Wednesday, May 29, 2013

RIP Ray Manzarek

I was travelling on May 20th when he apparently passed at age 74. All the tributes are in, I guess.

Perhaps no one needs to hear The Doors Light My Fire again - I sure don't. But it's worth remembering the urbane, polite, erudite keyboardist who noodled up maybe the most memorable notes of the rock era. Manzarek was a shockingly old 32 years in 1966 - 67 when he surrounded himself with the very young talents of Jim Morrison, Robbie Krieger (19 years old), and John Densmore. It's hard to describe what kind of band they were. Perhaps a very loud jazz trio with a flamenco guitarist and an incredibly charismatic singer.

The story goes they were in rehearsal stumbling through Krieger's folksy Light My Fire when Manzarek told everyone to take a break and began fiddling with some Bach on his organ.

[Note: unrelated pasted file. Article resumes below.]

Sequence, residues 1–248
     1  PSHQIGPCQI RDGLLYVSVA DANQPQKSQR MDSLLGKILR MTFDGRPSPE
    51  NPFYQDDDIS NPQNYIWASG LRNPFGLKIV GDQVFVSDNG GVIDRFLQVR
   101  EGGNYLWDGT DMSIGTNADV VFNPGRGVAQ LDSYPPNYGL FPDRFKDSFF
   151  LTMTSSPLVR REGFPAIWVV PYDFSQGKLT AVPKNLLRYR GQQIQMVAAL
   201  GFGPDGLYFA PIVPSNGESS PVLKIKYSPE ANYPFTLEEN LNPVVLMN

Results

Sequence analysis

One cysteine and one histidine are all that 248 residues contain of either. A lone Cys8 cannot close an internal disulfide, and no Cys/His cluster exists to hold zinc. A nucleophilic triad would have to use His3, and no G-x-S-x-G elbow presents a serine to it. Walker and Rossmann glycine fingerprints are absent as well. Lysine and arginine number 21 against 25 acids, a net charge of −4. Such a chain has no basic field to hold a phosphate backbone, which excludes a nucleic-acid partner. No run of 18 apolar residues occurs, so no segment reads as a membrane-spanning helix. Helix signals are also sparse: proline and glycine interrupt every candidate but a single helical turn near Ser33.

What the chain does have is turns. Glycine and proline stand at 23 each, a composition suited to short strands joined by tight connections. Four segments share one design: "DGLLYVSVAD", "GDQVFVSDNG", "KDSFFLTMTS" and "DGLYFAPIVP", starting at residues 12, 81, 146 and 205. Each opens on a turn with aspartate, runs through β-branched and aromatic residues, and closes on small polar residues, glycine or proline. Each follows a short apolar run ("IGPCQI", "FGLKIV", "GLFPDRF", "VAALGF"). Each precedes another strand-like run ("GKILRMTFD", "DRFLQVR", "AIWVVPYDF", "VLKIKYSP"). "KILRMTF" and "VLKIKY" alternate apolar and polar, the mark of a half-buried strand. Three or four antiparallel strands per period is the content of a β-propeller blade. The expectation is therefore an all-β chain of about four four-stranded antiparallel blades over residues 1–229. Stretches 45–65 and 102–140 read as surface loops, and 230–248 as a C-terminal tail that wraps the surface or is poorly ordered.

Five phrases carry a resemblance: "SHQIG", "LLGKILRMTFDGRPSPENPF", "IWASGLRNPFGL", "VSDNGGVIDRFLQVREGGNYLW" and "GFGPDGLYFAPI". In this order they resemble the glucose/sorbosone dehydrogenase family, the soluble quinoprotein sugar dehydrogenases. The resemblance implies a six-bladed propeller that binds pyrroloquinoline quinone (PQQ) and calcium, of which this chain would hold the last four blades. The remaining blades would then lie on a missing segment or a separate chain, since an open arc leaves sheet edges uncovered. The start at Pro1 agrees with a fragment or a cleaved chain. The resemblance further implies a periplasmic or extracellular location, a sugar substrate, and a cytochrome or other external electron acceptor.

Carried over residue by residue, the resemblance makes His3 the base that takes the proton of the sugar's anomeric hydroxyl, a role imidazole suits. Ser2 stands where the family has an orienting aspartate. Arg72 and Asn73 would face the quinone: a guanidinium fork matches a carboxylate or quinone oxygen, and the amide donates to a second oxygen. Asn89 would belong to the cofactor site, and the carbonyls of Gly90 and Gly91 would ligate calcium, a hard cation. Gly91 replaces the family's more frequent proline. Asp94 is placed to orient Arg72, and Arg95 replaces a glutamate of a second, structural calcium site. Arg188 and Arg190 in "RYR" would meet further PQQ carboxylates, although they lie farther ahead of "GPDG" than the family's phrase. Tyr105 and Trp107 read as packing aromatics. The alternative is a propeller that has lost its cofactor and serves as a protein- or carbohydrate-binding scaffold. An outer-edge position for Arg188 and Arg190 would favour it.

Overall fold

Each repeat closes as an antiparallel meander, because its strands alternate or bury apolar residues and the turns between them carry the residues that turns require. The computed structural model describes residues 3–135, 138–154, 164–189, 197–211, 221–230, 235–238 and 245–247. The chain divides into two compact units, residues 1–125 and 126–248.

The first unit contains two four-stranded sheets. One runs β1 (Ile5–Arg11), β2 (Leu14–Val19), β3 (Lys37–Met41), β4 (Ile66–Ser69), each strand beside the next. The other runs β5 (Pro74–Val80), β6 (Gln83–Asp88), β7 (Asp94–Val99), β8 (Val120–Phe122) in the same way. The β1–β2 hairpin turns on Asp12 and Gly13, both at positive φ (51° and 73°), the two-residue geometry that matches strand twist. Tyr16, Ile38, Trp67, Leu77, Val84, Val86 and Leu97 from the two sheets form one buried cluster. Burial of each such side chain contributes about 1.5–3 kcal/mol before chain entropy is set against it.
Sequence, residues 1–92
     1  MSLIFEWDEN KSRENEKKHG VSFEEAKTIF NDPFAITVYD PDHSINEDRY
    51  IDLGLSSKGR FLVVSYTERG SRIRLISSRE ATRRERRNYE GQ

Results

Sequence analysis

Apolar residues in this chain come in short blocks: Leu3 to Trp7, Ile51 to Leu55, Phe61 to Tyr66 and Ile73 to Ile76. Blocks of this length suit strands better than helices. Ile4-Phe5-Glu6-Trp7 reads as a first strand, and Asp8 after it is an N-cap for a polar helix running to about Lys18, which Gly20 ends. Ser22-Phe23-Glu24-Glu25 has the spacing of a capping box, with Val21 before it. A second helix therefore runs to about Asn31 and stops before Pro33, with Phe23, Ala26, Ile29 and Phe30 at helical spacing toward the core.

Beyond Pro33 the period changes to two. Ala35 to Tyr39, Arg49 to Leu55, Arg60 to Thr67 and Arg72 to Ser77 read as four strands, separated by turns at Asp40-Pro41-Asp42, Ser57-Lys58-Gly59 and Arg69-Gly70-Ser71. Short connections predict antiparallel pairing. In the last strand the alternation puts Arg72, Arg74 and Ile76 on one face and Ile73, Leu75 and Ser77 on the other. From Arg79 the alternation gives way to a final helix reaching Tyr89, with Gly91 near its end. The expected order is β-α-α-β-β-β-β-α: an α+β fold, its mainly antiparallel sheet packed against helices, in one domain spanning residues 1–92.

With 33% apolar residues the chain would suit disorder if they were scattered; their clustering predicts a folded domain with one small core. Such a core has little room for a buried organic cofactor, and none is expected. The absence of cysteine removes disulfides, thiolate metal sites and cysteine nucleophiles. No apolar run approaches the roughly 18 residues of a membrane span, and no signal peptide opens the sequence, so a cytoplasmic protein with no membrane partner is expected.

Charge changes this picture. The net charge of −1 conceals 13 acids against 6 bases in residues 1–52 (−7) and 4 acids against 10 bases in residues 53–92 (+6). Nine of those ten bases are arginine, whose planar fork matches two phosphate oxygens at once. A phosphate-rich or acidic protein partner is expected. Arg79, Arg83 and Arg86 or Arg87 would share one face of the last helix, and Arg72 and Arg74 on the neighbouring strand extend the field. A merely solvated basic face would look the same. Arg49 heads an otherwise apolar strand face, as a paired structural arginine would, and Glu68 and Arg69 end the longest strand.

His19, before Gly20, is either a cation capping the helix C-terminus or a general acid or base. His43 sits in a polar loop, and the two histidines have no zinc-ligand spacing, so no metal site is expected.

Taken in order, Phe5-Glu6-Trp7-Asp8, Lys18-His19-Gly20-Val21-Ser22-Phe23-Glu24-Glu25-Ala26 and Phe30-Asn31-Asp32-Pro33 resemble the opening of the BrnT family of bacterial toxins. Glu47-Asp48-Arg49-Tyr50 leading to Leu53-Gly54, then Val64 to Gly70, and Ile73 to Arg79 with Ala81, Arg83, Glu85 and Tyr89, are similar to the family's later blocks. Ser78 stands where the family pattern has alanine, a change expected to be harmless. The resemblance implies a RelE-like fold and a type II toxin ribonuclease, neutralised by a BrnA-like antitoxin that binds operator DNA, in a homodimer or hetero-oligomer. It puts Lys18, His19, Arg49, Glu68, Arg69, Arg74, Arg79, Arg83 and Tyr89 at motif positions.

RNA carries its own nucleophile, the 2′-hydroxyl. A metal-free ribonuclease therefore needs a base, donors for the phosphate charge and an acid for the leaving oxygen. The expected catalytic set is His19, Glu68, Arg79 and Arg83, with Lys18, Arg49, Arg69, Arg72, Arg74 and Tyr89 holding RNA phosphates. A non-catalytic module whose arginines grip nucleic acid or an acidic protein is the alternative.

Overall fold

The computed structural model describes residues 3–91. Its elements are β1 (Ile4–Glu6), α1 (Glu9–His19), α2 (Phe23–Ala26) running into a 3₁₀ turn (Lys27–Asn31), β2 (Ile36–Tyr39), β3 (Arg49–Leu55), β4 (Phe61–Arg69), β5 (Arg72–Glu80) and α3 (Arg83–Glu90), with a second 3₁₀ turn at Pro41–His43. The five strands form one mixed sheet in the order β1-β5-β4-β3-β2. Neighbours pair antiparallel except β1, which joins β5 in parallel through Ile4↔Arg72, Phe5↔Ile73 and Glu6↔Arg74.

What came out was this...

...a shortened version from the Ed Sullivan show.

On most of their albums The Doors didn't bother with a bassist. Far as I know they never used one in their live shows. Manzarek just casually played a keyboard bass with his foot, or sometimes with his right hand - all while he was playing what sounded to this non-musician like incredibly complicated left hand parts (or vice versa, I forget).

Below is just amazing. No fancy editing. Live brass, live strings, Manzarek playing almost three instruments, guitarist Krieger with a black eye, etc. Morrison blows the beginning of the second verse, but you can still see why he was a huge star.

Below Manzarek gives an interview with music about their desert piano bar murder fantasy Riders On The Storm. He mentions Elvis's bassist Jerry Scheff trying to play the piano line. Manzarek was just so....magnetic and obviously intelligent.

The monumental Mark Steyn briefly tributes Manzarek here.